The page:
Civility and respect is another touchstone of open lines of communication. A 2008 Nursing Management survey showed that of 1400 nurse respondents, 75% experienced intimidation as the most frequent form of violence in the workplace. (3)   There is no place for any form of violent behavior, including bullying, intimidation, verbal abuse, infighting, withholding information, or threats of physical harm, whether horizontal (among nurses in the same or similar position) or vertical (among a nurse in a higher position and one in a lower position in the facility hierarchy). 

Working with the patient and his or her family is often not easy when it comes to open communication.  Patients can be demanding and family members often times have unrealistic expectations of what can be done for their family member, are fearful if the patient will survive his diagnosis or treatment, and often want to control the care of their family member.  Acknowledging the family’s concerns, providing information about the family member’s care on a timely basis, and informing the family of the health facility’s policies and procedures can be extremely helpful in allaying some of the concerns family members have when a family member is hospitalized.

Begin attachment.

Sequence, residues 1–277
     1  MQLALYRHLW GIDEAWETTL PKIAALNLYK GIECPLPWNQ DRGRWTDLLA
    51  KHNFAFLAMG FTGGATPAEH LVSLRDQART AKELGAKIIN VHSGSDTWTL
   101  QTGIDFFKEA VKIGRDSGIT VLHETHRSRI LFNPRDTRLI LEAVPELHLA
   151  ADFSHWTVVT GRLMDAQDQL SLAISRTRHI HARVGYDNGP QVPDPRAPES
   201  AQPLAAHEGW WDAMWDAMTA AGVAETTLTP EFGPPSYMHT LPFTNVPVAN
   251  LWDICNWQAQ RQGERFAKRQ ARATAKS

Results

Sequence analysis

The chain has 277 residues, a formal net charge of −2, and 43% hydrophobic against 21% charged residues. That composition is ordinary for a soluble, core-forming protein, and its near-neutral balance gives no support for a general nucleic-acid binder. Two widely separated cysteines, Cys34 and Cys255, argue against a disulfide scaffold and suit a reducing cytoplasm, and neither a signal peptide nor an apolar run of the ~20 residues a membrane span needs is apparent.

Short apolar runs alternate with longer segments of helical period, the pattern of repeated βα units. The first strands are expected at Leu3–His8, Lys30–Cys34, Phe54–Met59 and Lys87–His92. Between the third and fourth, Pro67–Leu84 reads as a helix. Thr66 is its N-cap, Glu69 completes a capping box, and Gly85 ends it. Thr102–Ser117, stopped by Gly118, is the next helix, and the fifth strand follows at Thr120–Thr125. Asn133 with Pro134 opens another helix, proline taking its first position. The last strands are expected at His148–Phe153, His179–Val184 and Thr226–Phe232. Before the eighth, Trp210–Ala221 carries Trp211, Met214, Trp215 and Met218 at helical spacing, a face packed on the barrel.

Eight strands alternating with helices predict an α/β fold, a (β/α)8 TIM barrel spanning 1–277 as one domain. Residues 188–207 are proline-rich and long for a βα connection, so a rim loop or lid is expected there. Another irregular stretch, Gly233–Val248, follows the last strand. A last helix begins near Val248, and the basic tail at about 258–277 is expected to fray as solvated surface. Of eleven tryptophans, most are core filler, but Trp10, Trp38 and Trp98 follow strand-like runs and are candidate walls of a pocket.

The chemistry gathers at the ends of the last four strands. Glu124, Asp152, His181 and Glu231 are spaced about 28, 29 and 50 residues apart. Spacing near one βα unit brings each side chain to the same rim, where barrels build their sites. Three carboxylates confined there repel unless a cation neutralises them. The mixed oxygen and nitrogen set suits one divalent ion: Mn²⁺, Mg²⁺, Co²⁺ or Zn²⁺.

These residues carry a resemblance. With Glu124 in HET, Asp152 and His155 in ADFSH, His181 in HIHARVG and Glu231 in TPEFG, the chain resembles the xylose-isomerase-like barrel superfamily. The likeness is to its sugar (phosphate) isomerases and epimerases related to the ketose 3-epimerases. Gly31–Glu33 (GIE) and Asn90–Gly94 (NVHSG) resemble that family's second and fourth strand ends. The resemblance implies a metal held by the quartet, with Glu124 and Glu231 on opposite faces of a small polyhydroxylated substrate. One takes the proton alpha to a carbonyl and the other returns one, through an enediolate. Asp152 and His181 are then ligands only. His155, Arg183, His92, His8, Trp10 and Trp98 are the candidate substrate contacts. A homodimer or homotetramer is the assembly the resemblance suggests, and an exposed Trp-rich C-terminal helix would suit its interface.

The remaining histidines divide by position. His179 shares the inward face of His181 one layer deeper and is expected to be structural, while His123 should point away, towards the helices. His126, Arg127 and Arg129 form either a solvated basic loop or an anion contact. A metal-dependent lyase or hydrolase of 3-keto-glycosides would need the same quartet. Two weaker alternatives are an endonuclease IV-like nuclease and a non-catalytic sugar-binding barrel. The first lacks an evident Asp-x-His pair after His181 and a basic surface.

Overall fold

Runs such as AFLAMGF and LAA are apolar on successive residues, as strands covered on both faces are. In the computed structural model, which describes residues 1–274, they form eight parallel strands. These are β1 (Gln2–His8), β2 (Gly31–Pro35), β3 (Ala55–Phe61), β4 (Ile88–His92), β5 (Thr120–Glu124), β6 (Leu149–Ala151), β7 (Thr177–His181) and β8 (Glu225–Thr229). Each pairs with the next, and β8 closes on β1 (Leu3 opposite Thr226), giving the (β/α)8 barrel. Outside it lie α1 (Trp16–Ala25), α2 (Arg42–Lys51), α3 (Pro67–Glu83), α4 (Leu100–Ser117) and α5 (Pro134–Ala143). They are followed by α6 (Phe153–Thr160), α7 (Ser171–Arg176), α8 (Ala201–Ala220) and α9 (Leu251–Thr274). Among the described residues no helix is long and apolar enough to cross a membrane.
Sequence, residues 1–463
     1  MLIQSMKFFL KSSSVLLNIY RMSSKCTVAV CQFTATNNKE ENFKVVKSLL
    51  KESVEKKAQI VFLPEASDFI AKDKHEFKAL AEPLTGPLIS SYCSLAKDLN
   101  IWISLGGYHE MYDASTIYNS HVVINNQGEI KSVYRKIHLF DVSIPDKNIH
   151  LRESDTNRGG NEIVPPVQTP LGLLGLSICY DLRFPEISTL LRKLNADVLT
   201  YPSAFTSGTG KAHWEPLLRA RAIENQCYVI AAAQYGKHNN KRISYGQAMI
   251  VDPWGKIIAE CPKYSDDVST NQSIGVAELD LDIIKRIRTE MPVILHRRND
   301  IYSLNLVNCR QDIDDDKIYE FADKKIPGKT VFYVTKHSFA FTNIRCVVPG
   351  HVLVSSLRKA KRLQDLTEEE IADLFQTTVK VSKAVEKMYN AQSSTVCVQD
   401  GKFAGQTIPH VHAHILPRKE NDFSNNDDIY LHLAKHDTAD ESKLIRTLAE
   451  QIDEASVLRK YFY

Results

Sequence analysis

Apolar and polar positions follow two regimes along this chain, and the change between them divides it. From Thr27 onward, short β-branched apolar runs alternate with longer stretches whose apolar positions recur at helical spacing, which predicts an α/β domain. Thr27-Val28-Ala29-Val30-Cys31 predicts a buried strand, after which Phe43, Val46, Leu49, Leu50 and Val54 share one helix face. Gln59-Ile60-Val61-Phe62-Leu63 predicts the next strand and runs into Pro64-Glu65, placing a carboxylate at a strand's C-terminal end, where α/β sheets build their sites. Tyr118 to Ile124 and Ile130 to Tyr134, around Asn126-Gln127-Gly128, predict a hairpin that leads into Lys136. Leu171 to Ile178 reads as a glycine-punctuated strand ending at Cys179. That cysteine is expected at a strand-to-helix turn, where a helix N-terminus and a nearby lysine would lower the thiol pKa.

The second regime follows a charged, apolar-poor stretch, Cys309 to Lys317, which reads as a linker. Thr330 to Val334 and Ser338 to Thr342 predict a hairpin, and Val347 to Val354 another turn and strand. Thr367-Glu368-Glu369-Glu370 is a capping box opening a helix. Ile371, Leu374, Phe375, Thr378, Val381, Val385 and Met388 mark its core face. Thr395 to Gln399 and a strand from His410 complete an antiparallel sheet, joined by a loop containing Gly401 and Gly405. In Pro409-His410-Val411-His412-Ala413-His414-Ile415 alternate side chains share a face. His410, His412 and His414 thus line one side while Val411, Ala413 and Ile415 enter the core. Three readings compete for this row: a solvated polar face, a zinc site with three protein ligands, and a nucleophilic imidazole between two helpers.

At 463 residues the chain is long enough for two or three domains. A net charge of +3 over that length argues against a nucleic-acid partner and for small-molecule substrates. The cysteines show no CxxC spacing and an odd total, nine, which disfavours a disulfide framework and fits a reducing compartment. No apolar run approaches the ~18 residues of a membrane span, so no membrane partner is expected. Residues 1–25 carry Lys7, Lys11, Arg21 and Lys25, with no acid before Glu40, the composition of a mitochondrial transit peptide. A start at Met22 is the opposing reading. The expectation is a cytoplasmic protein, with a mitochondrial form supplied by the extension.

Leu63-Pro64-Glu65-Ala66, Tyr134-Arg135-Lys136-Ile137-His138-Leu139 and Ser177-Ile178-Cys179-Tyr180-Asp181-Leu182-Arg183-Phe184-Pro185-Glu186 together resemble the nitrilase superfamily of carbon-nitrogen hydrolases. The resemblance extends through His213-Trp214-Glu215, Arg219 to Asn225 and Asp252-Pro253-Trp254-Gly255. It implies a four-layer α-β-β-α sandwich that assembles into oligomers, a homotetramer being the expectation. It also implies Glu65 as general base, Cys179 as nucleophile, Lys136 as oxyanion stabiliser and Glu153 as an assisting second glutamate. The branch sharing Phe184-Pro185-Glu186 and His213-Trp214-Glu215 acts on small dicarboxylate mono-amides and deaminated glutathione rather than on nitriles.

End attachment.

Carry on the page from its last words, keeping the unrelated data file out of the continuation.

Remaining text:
Also important for you to display is treating the family with dignity and respect, sometimes even more important than the “information” they want about their family member. Establishing rapport, utilizing “active listening”, acknowledging feelings and concerns and responding to those concerns is essential. (4)